At one time in the past St. Louis was better than it is now. At one time in the future St. Louis will be better than it is now. The Gateway Arch proves one of those statements. The Gateway Arch gives us hope for the other. The Gateway Arch is evidence of realized promise. The Gateway Arch is proof that our vision is worth following through on. The Gateway Arch is a testament to the conviction that our version of the future is the one that is going to come true. The Gateway Arch validates the idea that St. Louis is a place that is worthy of being built back up towards greatness again.
Back then, way back when, way back in 1804, St. Louis became a place where American began a journey towards discovering itself. Back then, way back when, way back in 1965, St. Louis became a place where that journey and that discovery was remembered, where that journey and that discovery was celebrated, where the remnants of that journey and that discovery were stuck into the ground and left there to remain forever and always. Stuck in the ground and left there to remain for all times. Stuck in the ground and left there to remain, rising above the drifting river and reminding us that St. Louis was, at one point and time, the last bastion of civilization. That St. Louis was, at one point and time, the place where this part of the world started. That St. Louis was, at one point and time, the place where the rest of the world was considered to have begun.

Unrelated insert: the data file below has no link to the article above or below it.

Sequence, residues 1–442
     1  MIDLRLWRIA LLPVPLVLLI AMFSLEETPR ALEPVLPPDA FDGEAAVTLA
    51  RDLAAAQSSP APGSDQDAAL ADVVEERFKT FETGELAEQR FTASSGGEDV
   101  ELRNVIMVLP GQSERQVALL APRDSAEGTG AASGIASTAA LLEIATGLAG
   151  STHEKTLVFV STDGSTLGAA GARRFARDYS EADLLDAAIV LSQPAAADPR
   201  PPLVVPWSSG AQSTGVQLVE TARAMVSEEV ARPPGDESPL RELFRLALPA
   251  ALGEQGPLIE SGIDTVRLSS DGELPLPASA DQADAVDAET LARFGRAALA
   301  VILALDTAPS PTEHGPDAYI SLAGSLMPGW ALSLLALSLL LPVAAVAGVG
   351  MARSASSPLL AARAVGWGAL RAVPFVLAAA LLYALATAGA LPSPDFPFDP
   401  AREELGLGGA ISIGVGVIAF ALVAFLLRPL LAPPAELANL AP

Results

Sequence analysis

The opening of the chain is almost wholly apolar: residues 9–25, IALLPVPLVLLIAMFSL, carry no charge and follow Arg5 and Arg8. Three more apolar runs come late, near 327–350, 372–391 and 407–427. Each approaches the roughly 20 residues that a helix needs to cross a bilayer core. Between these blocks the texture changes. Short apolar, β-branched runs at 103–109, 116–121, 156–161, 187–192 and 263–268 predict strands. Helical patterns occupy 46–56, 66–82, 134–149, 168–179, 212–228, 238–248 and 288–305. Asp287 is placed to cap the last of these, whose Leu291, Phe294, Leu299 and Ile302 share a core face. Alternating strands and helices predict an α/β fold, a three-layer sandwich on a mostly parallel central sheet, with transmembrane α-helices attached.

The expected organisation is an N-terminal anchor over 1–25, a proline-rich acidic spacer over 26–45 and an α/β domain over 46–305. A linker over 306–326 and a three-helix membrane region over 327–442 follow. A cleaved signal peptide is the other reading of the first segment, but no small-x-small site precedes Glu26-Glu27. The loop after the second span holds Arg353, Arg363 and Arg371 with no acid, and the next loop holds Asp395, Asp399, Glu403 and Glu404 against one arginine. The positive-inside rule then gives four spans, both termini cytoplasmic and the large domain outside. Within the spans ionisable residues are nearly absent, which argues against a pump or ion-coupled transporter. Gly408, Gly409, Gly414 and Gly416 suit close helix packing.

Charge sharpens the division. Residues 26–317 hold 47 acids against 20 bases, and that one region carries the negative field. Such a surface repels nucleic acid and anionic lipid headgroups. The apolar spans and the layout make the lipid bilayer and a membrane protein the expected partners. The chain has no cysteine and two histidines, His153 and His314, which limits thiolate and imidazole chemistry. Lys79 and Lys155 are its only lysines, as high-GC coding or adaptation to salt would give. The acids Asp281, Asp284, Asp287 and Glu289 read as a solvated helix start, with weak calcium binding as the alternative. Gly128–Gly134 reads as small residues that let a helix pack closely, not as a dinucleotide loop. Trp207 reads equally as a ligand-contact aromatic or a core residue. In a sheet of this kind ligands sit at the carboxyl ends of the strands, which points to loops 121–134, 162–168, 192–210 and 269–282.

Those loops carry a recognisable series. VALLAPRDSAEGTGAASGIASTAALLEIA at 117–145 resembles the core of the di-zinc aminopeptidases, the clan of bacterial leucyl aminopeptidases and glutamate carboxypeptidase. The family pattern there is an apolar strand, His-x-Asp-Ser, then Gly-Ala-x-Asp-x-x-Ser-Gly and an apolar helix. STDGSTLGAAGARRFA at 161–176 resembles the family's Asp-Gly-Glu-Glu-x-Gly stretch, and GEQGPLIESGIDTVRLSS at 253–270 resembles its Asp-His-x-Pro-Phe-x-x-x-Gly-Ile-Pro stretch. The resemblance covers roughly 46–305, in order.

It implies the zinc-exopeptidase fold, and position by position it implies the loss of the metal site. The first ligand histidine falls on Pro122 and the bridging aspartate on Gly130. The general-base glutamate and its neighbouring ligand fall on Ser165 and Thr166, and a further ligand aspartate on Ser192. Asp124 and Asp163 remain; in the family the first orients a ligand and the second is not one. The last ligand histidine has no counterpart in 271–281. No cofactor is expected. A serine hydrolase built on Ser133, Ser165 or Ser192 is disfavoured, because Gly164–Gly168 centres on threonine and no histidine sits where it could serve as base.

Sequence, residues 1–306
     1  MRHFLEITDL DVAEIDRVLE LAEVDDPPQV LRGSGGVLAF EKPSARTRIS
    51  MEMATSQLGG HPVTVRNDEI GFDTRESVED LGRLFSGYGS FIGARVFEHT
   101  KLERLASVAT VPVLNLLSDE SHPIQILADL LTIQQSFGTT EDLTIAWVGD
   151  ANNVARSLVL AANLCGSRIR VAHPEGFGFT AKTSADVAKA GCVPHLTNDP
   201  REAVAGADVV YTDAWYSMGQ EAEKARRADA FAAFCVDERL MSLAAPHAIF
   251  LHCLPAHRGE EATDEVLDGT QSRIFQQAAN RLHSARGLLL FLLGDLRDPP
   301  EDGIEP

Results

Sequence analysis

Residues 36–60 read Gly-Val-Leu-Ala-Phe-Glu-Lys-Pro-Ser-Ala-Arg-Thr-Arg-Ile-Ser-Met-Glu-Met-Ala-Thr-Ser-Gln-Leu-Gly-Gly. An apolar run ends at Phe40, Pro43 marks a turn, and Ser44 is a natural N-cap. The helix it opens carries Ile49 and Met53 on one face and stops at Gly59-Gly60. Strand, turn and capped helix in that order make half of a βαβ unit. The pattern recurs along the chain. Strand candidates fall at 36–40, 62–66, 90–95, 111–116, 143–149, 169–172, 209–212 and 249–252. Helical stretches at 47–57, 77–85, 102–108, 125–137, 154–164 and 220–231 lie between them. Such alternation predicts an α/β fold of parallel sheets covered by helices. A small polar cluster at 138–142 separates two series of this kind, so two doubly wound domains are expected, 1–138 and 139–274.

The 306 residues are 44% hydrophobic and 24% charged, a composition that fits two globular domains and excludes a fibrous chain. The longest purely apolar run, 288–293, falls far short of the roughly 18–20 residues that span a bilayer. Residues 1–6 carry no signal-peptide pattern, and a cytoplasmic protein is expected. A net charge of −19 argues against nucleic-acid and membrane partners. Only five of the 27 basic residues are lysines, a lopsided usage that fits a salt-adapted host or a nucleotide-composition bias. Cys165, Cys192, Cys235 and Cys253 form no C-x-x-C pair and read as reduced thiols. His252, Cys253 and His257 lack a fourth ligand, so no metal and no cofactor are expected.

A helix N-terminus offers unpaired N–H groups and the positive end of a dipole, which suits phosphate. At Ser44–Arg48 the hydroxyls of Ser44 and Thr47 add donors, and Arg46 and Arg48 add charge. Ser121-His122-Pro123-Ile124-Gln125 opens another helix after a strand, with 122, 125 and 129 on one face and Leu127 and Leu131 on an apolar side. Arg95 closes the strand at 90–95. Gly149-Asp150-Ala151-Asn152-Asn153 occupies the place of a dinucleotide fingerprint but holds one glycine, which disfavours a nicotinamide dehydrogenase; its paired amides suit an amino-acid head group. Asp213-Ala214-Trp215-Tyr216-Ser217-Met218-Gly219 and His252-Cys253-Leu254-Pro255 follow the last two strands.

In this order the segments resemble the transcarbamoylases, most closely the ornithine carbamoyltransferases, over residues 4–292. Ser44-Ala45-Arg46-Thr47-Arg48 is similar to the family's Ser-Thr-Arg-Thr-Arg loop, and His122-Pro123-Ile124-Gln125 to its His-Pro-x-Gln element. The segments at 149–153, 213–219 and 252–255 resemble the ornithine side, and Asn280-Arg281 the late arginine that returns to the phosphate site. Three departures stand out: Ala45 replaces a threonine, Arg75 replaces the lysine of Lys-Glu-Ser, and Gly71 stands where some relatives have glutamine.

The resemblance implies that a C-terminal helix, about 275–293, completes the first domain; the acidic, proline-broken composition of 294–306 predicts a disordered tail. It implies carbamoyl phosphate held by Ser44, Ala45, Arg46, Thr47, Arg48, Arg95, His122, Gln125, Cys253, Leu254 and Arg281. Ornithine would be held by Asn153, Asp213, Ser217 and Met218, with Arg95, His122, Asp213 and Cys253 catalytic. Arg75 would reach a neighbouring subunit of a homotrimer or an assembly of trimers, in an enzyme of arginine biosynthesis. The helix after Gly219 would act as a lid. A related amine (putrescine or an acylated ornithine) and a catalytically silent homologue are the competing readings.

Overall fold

In the 160 years between the Louisiana Purchase and the construction of the Gateway Arch St. Louis grew, and grew, and grew, transitioning from a bustling river village to a center for American industry and transportation. Steam Boats roamed across our river’s shores. Cable Cars ran for miles across newly paved streets. The World’s Fair took up most of Forest Park as the rest of the globe traveled to the jewel of the Midwest and reveled in the bustling metropolis flourishing around them. St. Louis was a city where people brewed beer. St. Louis was a city where steel was loaded onto barges and sent on its way floating around the nation. St. Louis was a city where all four quadrants of the country ran into each other. St. Louis was the place where North met South. St. Louis was the place where East met West. St. Louis was the place where America became connected to itself.